A visual schedule is a proven technique to manage, handle and plan time-related, resource-oriented planning data with dependencies. A visual schedule highlights conflicts and keeps the user focused on the decision-relevant data. Hence it enables corrective actions in terms of drag & drop changes to the schedule, and lets the user (and not the system) stay in the scheduling driver seat. As such, a visual schedule can become a relevant addition to a standard Microsoft Dynamics NAV implementation (you can learn more about this in a previous blog post). In this blog post, I want to spend more thinking on why visual scheduling is important for Microsoft Dynamics NAV users.
When attending NAV Directions in both San Diego and Poznan, we discussed our idea of a visual schedule with many attendees: ISVs as well as resellers as well as Microsoft staff. From all these discussions we won the impression that there seems a general interest in digesting our thoughts and considerations about (a) the concept and (b) the way of how we decided to add visual planning capabilities as fully-integrated, repeatable add-ins to Microsoft Dynamics NAV. Hence, we decided to summarize these thoughts in a complementary Ebook and to discuss selected content from this Ebook in a series of blog posts, of which this is the first one.
What are the "basic functions" a graphic planning table for use in manufacturing companies need to offer to convey meaningful information and support the decision maker and production planner in the best possible way? In our previous blog post you learned about three key features: Switching views for different planning perspectives, flexible resolution of timescale and multi-level grouping visualization. Here comes blog post #2, presenting three further functions an effective production planning table should offer.
This year, we as NETRONIC and I personally attended both NAV Directions in USA (San Diego) and EMEA (Poznan). The purpose of our attendance was both learning (by visiting the sessions and networking with many NAV community members) and channel enablement (by meeting existing and potentially new partners for our visual scheduling add-ins). Returning from the Poznan event, I asked myself: "what did I learn at NAV Directions and how does this impact the business of my company?". This blog post shares these thoughts with you.
When it comes to production planning, graphical planning tables provide valuable assistance as to visualizing complex contexts and bringing transparency to production planning data.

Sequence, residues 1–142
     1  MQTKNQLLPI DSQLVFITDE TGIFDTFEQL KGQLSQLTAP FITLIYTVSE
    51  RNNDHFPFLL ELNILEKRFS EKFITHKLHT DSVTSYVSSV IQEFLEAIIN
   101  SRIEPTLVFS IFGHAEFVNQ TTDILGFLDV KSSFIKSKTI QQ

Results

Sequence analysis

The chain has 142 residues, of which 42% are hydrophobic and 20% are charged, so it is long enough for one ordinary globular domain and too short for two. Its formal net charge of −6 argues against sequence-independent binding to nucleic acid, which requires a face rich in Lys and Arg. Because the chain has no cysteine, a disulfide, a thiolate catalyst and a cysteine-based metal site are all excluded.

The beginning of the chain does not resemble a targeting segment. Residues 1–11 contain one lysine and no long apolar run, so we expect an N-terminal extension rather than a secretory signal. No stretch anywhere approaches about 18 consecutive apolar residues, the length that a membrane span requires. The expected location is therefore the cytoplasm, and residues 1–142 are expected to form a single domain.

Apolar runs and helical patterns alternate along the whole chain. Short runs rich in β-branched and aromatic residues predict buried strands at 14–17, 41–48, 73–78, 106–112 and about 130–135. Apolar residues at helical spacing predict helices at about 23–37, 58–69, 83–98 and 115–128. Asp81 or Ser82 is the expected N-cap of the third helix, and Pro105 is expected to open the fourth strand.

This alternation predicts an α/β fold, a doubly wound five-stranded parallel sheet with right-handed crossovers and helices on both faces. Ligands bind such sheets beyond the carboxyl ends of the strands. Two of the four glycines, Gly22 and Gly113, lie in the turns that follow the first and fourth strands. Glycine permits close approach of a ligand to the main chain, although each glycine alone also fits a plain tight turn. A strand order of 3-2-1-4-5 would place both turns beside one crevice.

What are the "basic functions" a graphic planning table for use in manufacturing companies needs to offer to convey meaningful information and support the decision maker and production planner in the best possible way?
In this blog post, which is post #1 of a series of three, I discuss three key features that a visual planning table should have.
Modern manufacturing companies must manage, coordinate, and synchronize numerous activities to perform operations successfully in today’s competitive global marketplace. The scheduling challenges that they face make it extremely difficult for even advanced algorithmic based systems to actually meet and solve every situation that can affect the throughput rates, supply chain maintenance, and quality control procedures which are required for ideal efficiency and maximum profitability.
Gantt chart software is commonly used to visualize production, project, personnell, logistics or resources information. One of the key values is that it provides a quick and intuitive overview of time-related planning and scheduling data that have dependencies. As such users can quickly identify scheduling issues. We call this the information value. The other key value of a proper Gantt chart software comes from the fact that it enables interactive drag & drop changes to the schedule. This allows the user to quickly take corrective actions, and not only analyze the data, but change it. This generates an agility value. This blog post discusses some fundamental concepts how to improve the drag & drop user experience when working with a Gantt diagram.
To remain profitable and ensure company sustainability despite constant fluctuations in today’s global marketplace, discrete manufacturers and distributors must constantly strive to improve efficiency in every area of operation, applying lean strategies through the introduction of innovative procedural tools.
Yet production and logistic administrators understand that even the most advanced ERP, MES, MRP or APS systems lack the ability to prevent the occasional supply chain snafu, and resist short term changes to algorithmic scheduling that are sometimes necessary to achieve precision performance.